Shed in the Bellingham's Lettered Streets neighborhood

A shed in the lettered streets neighborhood made mysterious by darkness.

As a photographer, I’ve always been a big fan of shooting any city at night, especially Bellingham. It’s both a technical challenge and artistically rewarding. Just recently, though, I’ve started collecting images for a photo series on Bellingham at night. The hardest part so far is covering the ground on foot to find the shots and then managing to capture them without drawing too much attention — any photographer who’s wandered a city at night will tell you people are often uncomfortable with you photographing things they own, even if from a public street. I don’t mind discussing what I’m doing, either — but the few times I’ve been approached people are irate or angry right from the start and it’s hard not to become defensive.

Elizabeth Park in Bellingham Washington at Night

The “Witch Tree” in Elizabeth Park is one of my favorite subjects to shoot.

It’s much harder to stay unnoticed when I use a pocket light or flash to fill the shadows, as well. A camera flash is pretty hard to ignore, especially if I’m shooting in a neighborhood. I usually start my nights of shooting in public parks — I can warm up my lighting skills without worrying about the flash attracting negative attention and then transition into the neighborhood with a fresh perspective on what each flash strobe will accomplish so I can get the shot and move on.

Full moon rising over Bellingham at marine drive and squalicum parkway.

The full moon rises over a bridge on Marine Drive that crosses Squalicum Parkway in Bellingham.

A home under the full moon in Bellingham's Lettered Streets Neighborhood

A home in the lettered streets nieghborhood as clouds rush under the full moon.

Bellingham's lettered streets neighborhood under the full moon on the summer solstice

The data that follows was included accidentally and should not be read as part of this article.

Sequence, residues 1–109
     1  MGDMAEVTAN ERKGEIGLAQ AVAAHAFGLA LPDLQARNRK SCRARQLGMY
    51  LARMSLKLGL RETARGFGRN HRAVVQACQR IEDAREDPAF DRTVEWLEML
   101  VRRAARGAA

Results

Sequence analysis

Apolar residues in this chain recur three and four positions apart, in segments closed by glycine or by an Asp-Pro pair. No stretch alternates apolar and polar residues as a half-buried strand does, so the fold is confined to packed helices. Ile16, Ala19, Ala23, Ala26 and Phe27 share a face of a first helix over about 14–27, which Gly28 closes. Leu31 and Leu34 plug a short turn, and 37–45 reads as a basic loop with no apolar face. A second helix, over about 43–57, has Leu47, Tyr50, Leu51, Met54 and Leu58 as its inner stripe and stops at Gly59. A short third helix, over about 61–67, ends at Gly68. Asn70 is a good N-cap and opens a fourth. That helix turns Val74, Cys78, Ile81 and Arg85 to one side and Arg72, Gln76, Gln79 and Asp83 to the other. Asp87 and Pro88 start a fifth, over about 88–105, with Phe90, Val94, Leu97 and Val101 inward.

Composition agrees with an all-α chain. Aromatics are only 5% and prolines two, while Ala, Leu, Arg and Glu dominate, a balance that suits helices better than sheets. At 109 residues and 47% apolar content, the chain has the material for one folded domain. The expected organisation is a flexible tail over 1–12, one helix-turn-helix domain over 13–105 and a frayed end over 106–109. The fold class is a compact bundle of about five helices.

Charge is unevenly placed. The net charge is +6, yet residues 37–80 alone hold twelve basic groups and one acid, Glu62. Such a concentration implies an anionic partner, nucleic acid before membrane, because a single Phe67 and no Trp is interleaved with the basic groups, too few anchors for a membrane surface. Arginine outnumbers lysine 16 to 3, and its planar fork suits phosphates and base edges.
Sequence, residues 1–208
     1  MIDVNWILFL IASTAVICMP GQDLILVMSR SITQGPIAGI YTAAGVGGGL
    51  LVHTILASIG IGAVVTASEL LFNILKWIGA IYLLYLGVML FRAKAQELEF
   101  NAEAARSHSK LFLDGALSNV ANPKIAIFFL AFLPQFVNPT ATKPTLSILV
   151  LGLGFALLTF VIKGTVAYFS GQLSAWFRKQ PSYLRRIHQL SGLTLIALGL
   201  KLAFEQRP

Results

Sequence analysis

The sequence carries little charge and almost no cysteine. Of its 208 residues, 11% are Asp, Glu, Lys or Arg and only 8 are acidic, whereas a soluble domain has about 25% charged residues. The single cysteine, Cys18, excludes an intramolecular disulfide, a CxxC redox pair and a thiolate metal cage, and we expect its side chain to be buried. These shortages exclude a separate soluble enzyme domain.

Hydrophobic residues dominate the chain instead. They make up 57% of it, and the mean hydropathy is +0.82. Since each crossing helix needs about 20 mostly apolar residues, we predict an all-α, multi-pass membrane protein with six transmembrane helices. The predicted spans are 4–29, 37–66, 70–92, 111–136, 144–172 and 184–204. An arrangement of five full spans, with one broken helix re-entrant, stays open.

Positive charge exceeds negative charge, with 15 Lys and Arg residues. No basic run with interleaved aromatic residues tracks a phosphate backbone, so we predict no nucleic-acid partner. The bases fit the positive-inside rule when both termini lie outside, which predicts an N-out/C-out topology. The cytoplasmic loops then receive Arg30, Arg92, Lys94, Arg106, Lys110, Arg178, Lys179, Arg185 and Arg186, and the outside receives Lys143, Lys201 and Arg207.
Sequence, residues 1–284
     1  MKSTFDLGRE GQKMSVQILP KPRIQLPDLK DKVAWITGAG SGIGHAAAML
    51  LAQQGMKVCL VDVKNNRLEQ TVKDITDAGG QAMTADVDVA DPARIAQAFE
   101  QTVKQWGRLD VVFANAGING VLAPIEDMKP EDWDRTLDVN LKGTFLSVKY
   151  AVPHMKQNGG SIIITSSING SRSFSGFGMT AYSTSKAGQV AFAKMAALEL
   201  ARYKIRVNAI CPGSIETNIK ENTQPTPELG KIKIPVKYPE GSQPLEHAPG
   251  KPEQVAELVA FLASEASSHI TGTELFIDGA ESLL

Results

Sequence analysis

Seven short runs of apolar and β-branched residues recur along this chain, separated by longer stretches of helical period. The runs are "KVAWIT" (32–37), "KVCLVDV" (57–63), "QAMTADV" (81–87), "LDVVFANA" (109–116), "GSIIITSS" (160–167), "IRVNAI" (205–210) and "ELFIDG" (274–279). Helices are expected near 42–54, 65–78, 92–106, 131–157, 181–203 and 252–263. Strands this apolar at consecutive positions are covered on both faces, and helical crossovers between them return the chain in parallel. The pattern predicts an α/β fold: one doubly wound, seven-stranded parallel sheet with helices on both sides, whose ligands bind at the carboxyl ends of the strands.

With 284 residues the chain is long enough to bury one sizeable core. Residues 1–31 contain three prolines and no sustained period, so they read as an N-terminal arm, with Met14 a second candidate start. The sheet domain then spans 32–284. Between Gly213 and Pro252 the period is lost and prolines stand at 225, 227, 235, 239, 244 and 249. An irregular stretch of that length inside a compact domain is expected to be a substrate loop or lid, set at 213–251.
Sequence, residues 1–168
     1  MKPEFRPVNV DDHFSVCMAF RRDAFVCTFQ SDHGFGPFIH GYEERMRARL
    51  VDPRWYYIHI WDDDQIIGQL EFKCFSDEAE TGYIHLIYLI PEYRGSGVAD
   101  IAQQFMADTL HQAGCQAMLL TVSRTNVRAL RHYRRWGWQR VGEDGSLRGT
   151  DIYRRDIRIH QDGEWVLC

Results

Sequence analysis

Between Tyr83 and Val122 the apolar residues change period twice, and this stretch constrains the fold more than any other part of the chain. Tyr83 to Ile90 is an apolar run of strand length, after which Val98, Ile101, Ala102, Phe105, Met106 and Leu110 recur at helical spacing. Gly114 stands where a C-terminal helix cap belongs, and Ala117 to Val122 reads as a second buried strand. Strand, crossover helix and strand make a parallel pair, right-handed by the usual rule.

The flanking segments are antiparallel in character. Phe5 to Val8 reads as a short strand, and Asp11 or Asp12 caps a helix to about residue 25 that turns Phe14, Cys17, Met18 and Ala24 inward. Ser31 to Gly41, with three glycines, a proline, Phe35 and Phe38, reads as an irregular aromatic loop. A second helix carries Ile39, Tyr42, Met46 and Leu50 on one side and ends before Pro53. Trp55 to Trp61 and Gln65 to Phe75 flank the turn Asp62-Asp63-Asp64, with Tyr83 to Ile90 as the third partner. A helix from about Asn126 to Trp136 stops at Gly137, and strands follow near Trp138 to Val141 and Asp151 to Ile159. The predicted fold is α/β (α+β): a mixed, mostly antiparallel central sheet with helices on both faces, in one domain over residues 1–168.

The full moon during the night of the summer solstice in the Lettered Streets.

Another technique I will use, especially when I feel the flash will be too attention-drawing, is to gently paint the scene with a headlamp. It requires a finer touch to not get an uneven exposure, but it can work really well. With both flash and headlamp the trick is to not use too much additional fill light.

That said, my favorite shots that I’ve gotten so far almost always involve the moon and some fast-moving clouds. It can be tough to time visibility of the moon in this region for a majority of the year because of the weather, not to mention my mood or energy levels also! Just because I can see a bright, full moon doesn’t mean I always have the drive to go shoot it.

I’m planning to work together a series of about eight or ten of my favorite images over the next month or two and then have a showing for Bellingham’s Art Walk in my studio downstairs at Make.Shift Art Space. I’ve been there a few months now and what I’m discovering is the most fun is showing photos specifically of Bellingham and then discussing other people’s memories of the same place. I think these shots, out of the ordinary midnight views of very ordinary and familiar places, would be a great way to start a variety of conversations!

I’m hoping people can point me in the right direction for more good spots to shoot at night. The ideal situation usually involves interesting light fixtures, sweeping city views or historic houses or buildings. If anyone can point me in the direction of those I’d appreciate it!